If someone else wanted to try to draw immigrants to Cleveland, "I will not be against it," Jackson told The Plain Dealer in early 2009. "However, as we move ahead, I'm always interested in theself-help mode, in taking care of our own."
Apart, from his words, his actions over the last 7 ½ years also tell the story.Starting with his treatment of the Somali and Ethiopian-owned taxi companies whowere excluded from working at the Hopkins Airport, failure to hire immigrants insignificant positions at City Hall, and extending to his disinterest to implementimmigrant-friendly policies at City Hall
, the Mayor’s actions have spoken volumeson his view of immigrants and their role in Cleveland’s economic, political and
civic circles.Rather than try to unite the city and lead this discussion on diversity, inclusion andglobal competitiveness, the Mayor has run away from the challenge. And the cityhas suffered and fallen behind other cities which are now growing.Dr. Kaufman argues that people-based strategies are key to attracting theimmigrants most likely to come to Cleveland. It is true, as Dr. Kaufman point out,that immigrants coming to cities like Cleveland are often drawn by personalrelationships.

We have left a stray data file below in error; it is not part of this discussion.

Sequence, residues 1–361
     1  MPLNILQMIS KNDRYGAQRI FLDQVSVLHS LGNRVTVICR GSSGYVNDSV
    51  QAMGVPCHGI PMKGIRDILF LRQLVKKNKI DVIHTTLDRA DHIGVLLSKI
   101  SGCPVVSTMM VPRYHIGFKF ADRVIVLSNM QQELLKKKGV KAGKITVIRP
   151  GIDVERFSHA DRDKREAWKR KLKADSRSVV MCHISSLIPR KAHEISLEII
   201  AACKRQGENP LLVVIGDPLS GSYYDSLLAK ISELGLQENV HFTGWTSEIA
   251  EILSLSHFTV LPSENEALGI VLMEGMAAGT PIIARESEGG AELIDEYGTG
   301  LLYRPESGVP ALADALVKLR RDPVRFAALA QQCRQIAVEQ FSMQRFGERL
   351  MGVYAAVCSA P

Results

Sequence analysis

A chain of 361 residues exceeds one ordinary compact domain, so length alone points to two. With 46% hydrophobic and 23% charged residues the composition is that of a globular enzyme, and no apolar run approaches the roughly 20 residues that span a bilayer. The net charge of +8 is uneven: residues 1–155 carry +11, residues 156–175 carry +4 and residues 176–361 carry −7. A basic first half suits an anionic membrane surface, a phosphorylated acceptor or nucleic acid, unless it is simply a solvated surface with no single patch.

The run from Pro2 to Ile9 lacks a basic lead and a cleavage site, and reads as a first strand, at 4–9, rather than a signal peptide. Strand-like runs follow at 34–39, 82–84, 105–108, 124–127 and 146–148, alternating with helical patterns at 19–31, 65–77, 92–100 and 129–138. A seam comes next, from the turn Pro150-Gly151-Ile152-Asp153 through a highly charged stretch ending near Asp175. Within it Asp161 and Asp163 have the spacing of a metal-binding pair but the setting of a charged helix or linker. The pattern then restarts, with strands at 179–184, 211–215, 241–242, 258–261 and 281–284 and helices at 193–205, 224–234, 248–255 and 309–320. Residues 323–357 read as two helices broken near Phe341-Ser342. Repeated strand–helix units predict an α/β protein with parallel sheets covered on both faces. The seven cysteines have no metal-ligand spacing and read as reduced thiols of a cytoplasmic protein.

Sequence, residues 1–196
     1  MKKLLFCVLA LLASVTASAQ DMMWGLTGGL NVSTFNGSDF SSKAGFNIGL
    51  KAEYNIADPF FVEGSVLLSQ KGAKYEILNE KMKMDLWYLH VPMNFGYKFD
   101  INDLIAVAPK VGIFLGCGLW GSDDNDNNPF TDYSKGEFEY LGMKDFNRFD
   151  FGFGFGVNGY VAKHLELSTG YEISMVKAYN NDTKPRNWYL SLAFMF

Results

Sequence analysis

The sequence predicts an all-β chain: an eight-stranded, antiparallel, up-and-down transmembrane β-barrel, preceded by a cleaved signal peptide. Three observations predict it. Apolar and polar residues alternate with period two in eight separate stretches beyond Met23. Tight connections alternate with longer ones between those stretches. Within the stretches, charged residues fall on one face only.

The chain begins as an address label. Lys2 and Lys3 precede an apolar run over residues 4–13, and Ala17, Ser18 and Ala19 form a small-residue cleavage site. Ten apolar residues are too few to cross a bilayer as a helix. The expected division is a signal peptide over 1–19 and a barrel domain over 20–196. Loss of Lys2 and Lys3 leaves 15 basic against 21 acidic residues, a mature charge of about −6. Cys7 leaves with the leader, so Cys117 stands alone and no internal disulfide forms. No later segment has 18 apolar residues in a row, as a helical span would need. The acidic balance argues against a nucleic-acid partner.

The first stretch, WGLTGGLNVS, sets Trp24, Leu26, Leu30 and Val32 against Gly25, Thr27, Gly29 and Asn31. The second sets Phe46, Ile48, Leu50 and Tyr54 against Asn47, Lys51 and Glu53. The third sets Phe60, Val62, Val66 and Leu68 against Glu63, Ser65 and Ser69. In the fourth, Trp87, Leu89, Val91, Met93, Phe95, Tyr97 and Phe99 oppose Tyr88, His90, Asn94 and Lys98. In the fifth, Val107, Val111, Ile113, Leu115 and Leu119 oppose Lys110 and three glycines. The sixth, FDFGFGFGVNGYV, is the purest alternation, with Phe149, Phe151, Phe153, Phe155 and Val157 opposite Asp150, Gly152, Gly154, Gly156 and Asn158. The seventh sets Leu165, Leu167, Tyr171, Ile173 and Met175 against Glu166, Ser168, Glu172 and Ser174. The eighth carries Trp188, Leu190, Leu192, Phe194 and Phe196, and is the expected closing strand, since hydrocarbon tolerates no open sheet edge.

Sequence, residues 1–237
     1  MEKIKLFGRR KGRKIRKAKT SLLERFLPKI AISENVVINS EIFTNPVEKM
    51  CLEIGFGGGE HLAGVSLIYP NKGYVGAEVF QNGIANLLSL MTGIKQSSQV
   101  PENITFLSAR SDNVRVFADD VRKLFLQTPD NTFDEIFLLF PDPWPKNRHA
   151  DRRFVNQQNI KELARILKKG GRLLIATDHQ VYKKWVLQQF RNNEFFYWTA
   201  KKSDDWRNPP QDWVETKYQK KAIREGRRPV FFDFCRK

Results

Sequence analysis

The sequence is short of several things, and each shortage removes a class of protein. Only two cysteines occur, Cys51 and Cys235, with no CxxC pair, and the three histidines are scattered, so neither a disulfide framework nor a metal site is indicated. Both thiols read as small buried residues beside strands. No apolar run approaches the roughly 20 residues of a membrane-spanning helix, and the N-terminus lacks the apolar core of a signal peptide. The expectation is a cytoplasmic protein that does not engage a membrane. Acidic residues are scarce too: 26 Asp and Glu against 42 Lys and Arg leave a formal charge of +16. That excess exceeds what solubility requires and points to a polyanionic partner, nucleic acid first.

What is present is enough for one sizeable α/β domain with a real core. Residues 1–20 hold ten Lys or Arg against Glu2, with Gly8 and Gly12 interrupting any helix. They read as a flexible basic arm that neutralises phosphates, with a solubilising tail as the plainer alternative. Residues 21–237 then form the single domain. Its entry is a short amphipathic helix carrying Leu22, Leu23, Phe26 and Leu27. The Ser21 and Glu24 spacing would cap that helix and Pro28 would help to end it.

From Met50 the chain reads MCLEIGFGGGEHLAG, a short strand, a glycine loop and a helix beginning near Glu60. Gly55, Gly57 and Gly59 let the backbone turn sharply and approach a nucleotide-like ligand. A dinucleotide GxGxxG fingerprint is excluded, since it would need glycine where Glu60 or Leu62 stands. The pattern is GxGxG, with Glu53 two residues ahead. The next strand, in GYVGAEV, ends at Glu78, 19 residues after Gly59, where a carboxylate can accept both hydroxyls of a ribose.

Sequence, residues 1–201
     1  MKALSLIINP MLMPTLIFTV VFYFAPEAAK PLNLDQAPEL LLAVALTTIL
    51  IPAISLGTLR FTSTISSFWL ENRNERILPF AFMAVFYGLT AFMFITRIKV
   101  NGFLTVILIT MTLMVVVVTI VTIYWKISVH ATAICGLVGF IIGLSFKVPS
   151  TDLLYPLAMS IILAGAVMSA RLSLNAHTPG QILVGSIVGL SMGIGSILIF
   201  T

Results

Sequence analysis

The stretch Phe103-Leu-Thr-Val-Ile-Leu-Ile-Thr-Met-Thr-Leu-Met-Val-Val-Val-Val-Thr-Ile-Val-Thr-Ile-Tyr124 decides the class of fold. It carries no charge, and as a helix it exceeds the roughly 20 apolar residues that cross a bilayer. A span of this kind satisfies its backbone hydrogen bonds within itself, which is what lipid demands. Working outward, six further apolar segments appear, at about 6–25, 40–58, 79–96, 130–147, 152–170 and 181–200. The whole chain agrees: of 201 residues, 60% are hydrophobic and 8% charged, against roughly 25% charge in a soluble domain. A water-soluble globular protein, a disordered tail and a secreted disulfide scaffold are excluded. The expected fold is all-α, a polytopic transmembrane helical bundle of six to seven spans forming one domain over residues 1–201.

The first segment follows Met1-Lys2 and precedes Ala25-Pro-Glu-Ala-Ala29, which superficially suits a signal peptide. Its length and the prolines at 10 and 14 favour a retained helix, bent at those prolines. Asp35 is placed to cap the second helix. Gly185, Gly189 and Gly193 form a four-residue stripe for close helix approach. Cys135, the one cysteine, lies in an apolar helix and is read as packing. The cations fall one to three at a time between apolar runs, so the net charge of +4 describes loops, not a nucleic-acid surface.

I couldn’t agree more. Taking care of the immigrants we have, supporting them,
celebrating them, connecting and integrating them into our community is key.When they are comfortable and successful, their family and friends will follow
But I respectfully disagree with Dr. Kaufman’s recent piece that seems to suggestthat because resources are scarce, we shouldn’t be investin
g so much in people- based strategies.
I believe that the creation of an “immigrant
friendly” city will not happen
organically, at least not within the next few generations. For it to happen in thenext 10 years, we will need to make a big push for raising awareness on whyimmigration is important to Cleveland, on changing attitudes, on policies of inclusion at all levels of local government, corporations, foundations, etc.